Stalking the Wild Beast - The Rule of Capture in TexasMichael F. Forlenza, PGEditor, HGS Bulletin
Modern geologists may not think of underground fluids, such as oil, gas, and groundwater, as “occult and obscure.” But until relatively recent times, this is how these subsurface resources were viewed by the courts and legislature. For centuries, underground fluids in Texas and throughout the United States were thought of as ferae naturae, that is, free in nature like a wild beast or a feral animal, and subject to the “Rule of Capture.”
The rule of capture is founded in English common law and states that the first person to “capture” the resource owns that resource. A wild beast, such as a deer, a turkey, or a bear, which roams across the ground surface, is no one’s property until it is captured, then becoming the property of the person who captured it. Just as there is no owner for the wild beast that wanders freely across property lines, under the rule of capture, no one owns oil and gas underground because it is considered fugacious, evanescent, and fleeting. Only when the wild beast is trapped, or the oil is recovered and pumped into a container, is it owned.
Possession of the land, therefore, is not necessarily possession of the underlying oil, gas, or groundwater. If an adjoining, or even a distant, owner, drills on his own land, and taps into a gas reservoir that underlies your property, the gas that comes to his well and under his control is no longer yours, but his. The rule of capture does not give a property owner the “right” to drain a neighbor’s tract, but merely denies any liability for the person who does so.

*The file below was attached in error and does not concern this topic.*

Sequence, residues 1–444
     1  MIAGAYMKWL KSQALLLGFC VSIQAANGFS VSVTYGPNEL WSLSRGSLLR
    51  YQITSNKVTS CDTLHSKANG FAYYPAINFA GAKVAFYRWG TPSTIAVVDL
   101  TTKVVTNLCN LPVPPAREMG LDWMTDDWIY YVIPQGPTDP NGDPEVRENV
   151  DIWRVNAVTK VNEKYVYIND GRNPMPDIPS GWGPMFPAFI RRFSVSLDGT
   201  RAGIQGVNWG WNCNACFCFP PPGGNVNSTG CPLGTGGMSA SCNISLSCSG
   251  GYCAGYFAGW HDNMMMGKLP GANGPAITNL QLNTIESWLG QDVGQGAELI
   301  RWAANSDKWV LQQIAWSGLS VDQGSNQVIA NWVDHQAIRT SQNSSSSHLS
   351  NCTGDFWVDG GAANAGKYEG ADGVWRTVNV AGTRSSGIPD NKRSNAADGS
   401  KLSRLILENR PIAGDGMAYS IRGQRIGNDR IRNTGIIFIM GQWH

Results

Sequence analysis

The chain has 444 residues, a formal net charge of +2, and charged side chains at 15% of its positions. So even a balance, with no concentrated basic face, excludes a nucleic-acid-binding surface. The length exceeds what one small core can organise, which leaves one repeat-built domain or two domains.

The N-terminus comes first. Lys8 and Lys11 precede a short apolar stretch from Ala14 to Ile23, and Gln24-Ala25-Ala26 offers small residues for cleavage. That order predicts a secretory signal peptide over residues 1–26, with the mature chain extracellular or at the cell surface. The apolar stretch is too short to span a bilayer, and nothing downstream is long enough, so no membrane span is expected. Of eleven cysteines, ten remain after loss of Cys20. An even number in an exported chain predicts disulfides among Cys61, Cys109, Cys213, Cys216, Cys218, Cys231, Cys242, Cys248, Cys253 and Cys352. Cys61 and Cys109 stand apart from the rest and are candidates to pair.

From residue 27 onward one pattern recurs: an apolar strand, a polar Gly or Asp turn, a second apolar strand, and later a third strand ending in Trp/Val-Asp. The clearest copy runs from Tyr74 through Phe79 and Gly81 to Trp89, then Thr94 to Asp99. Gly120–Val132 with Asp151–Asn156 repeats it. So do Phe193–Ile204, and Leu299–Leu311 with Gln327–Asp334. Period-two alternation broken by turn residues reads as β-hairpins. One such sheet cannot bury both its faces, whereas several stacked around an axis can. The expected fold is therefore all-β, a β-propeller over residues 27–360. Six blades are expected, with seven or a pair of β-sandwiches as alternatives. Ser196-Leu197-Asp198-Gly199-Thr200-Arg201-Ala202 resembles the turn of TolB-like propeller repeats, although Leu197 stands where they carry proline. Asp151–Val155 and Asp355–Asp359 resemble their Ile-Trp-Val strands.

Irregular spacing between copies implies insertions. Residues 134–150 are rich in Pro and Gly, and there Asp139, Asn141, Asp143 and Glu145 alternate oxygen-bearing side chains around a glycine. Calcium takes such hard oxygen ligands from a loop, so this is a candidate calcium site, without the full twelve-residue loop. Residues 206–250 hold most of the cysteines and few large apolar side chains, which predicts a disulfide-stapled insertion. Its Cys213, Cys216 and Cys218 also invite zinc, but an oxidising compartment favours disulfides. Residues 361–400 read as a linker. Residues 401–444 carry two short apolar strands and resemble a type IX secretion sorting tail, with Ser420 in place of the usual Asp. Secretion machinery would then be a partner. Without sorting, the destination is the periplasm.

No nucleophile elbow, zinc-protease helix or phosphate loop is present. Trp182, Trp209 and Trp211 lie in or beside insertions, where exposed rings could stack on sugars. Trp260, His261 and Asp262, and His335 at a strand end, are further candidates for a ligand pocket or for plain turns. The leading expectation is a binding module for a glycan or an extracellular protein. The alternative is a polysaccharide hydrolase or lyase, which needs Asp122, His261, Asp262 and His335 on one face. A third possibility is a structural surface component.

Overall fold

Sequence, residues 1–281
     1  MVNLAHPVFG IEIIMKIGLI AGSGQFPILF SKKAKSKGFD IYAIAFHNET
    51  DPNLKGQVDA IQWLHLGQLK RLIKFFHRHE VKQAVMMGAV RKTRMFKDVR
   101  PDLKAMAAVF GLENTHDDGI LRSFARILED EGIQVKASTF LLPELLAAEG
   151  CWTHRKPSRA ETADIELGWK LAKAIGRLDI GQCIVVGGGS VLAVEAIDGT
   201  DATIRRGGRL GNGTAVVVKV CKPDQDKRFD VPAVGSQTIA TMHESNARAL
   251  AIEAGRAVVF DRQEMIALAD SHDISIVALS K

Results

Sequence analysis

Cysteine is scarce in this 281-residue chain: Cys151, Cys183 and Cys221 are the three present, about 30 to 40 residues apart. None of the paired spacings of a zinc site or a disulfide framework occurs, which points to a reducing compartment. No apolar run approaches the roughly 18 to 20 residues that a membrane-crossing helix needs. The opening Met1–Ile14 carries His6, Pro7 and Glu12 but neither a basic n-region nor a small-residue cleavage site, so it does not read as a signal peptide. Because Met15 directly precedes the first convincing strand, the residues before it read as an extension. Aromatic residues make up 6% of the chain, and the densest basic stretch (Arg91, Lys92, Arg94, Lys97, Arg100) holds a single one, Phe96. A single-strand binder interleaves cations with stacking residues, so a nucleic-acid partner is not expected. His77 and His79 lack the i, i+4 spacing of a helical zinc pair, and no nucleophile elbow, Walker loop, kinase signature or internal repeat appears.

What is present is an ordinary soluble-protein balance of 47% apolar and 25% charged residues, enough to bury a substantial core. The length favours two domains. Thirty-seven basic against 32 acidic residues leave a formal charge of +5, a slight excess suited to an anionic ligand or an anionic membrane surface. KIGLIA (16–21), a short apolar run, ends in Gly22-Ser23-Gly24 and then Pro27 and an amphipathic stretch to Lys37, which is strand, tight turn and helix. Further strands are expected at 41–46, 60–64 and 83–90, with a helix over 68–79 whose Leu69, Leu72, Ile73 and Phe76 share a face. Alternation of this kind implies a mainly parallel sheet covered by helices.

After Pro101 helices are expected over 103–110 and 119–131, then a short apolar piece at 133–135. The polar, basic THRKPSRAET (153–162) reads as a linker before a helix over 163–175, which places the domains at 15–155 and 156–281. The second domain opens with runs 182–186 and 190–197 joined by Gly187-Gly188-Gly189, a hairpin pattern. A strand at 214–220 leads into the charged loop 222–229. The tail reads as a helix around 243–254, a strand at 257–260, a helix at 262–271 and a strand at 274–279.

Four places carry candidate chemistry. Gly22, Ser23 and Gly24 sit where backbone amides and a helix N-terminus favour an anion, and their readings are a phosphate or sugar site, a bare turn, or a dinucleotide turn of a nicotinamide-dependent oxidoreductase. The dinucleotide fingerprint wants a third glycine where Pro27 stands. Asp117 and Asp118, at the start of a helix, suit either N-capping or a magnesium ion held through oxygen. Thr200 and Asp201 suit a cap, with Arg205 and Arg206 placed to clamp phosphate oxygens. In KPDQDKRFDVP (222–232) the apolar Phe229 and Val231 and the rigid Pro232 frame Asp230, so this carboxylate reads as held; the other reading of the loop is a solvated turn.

The Rule of Capture in Texas Oil Fields
The rule of capture has been an integral part of oil and gas law in the United States since the completion of the first commercial oil well in Pennsylvania in the 1840s. Texas joined the ranks of oil producing states in 1866 when Lynis T. Barrett completed the first oil producing well at in Melrose, Nacogdoches County. In the early 1900s, the Texas legislature passed several bills relating to the use and conservation of the state's oil and gas resources. However, these regulations were largely ignored and only sporadically enforced. In 1919, the legislature assigned jurisdiction over oil and gas production to the Texas Railroad Commission. In response, the Texas Railroad Commission, established earlier to regulate the railroads, created its Oil and Gas Division.
After the East Texas oil field was discovered in 1930, a multitude of small independent operators raced to put up rigs. Production wells were drilled close together and along lease boundaries to drain reservoirs quickly. Derricks touched legs with adjoining derricks. Wells were operated wide-open to out produce the competitor across the lease boundary. The price of oil crashed. More critically, the natural water drive of the field was damaged and the resource was wasted.